At the age of 61, Fran Drescher has started doing stand-up — and she doesn’t want to do it like a man.
“When I do my half hour,” she told IndieWire, “I want to go deeper into life experience, and find the humor in the darkness and despair. I think there’s a shift in female comics, and the way they tell stories, that include things they’re passionate about — whether it’s sexual orientation or health or relationships. I think as women, we’re starting to develop our own style and not just be like the men. That’s what I aspire to be.”
Drescher’s decades-long resume contains many fascinating roles — writer, actress, sitcom star, diplomat, activist — and now, stand-up comedian, a pursuit that’s technically new to her.
So she’s looking to the modern state of the format, as pioneered by comics like Hannah Gadsby. A woman’s version of a stand-up act, according to Drescher, has “a lot of humor in it, but it has more depth of feeling. And I think that that’s because we’re women. [The style] opens up the forum for telling jokes, but it has more substance and I think that that’s what makes more good comedy amongst female stand-ups.”
Drescher is one of the featured players in the Showtime special “Funny Women of a Certain Age,” which as described features an ensemble of female comics who have no problem joking about their relationships, including Carole Montgomery, Luenell, Lynne Koplitz, Kerri Louise and Vanessa Hollingshead. Drescher gets the opening 10 minutes, in which she talks about her cancer, her ex-husband, and more. She’s a total pro — even though, as revealed below, she’s only technically been at it for about a year. An edited transcript follows.
When was the first time you did officially standup?
Well, about a year before the Showtime special, I was asked to host the Gotham Comedy Special at the Gotham Comedy Club in New York. That was televised also — and that was my first time. … I just started building an act.
Is it something that felt natural to you?
Yes. For years I did what I call “the sit-down act” on late night talk shows. Structuring a joke, telling a story, and finishing it with a punchline. … I know how to write my brand of comedy, I know how to frame it as a joke, and I know how to play, quote-unquote, a standup comic. Part of it is acting, part of it is writing, part of it is having a certain level of confidence. The audience is usually very receptive to me. They know who I am and they’re fans.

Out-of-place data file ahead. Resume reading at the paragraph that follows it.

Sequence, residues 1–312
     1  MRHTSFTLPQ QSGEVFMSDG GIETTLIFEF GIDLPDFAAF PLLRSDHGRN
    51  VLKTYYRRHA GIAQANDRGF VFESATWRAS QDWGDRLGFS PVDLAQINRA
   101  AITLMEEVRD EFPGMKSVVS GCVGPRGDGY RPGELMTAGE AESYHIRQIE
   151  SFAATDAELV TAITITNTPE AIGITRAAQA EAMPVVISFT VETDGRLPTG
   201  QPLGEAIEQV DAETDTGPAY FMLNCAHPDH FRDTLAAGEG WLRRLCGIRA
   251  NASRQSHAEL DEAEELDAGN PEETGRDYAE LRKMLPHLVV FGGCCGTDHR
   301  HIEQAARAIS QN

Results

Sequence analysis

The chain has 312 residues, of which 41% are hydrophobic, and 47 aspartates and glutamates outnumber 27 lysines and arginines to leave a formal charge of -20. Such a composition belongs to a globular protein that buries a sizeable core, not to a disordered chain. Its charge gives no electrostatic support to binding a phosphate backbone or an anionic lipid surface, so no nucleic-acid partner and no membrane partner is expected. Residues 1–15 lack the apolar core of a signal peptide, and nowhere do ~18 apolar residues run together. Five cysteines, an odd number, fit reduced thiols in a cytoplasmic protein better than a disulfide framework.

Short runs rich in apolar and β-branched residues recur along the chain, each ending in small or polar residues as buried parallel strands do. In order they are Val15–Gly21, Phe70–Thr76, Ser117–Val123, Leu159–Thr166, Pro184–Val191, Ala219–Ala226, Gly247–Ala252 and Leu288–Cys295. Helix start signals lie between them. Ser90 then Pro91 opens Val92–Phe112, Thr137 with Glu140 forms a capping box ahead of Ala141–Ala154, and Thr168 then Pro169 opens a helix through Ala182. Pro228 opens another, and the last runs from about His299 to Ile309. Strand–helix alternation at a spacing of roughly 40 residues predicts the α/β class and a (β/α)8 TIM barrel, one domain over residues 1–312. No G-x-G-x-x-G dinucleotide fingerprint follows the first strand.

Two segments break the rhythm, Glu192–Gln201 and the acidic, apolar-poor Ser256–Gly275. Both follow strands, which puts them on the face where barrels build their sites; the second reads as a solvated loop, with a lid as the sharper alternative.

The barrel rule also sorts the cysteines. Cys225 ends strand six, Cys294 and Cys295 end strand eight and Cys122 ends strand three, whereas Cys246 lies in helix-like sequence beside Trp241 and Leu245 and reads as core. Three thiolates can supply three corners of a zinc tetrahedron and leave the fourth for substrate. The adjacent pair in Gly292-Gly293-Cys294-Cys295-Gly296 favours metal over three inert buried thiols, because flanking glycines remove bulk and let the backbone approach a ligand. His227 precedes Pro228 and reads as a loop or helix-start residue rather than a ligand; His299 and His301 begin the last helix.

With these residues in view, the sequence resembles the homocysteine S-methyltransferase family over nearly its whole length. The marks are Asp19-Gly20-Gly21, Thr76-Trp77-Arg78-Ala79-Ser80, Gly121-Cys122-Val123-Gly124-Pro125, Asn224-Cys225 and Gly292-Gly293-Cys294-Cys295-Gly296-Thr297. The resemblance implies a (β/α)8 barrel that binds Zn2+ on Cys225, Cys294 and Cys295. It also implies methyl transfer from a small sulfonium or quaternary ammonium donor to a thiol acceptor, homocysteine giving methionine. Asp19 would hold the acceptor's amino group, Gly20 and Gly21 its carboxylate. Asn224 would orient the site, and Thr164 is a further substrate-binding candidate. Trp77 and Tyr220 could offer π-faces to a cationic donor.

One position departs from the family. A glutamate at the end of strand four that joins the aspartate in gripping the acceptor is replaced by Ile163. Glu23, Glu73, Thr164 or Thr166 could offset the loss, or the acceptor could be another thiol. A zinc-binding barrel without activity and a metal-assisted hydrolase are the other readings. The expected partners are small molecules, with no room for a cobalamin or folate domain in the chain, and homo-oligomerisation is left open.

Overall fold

It definitely helps, going into a friendly audience.
It’s night and day. They’re not sitting there with their arms crossed saying, “OK I dare you to make me laugh.” They laugh just when I say, “Hi.”
Your act in the Showtime special is drawn from your personal life, which has been a part of your career for a while.
Totally. I’m in the business of Fran Drescher.
What does that mean for you?
When I was first starting out in high school, the acting teachers said I would have to lose the voice or I wasn’t going to make it. But my now-gay ex-husband, who knew better even when he was still a teenager, he said, “That, with that face, is gonna be what makes you special, unique, famous.” And he was right.
How much do you credit your voice with propelling you forward?
It’s a whole package. The fact that I can write for myself — “The Nanny” started in my head. There’s not one thing, it’s just the perfect storm that worked out. Timing, tenacity, ambition, and ability to write for myself. Working with [ex-husband] Peter Jacobson, my writing partner Frank Lombardi, both were contributors to my stand-up act. They’re always pitching me things — something happens or I say something funny and they say, “Write that down. We’ll figure out how to mold it into a story.”
Comics are always taking notes of things that strike them as being funny, and I started that too. … I like utilizing my talent in a variety of ways. … I don’t really need anything to do the show. It’s just me standing up there with a mic.
A lot of people remember you fondly from the Weird Al Yankovic comedy “UHF,” which is hitting its 30th anniversary.
When you look back on that film, what’s a memory that comes to mind that makes you happy?
That movie actually was quite difficult for me. I was on a journey of becoming more independent rather than co-dependent, and I was trying to conquer my fear of being alone…when I was doing that movie. I went to Tulsa, Oklahoma to shoot it by myself. I rented a car by myself. I went to museums by myself, I even went to upscale restaurants and made a dinner reservation for one and sat at a table by myself, and I brought a book and I ordered a glass of wine. … It was really a turning point for me.
Do you still enjoy the film today?
I honestly have not seen it in a very long time, but I do have fond memories of it. … There were some really good people in it in hindsight. Not all of them were known then, but they certainly are known now.
Are you looking forward to doing more stand-up in the future?
Yes. I’m already booked to do a couple of shows. … I want to get at least an hour. Now I’m at a half hour. … I’ve been absorbed in another writing project. … I was supposed to do a pilot for NBC so I’m about to go into rehearsal for that. … I’m gonna probably do a daytime show for Bravo also. So a sitcom for NBC, a daytime show for Bravo, and I’m writing a Broadway musical with Peter. So it’s a busy time, a fruitful time, and I’m very grateful.
“Funny Women of a Certain Age” airs Saturday, March 23 at 9 p.m. on Showtime. Also, visit Drescher’s Cancer Schmancer Movement for more information.
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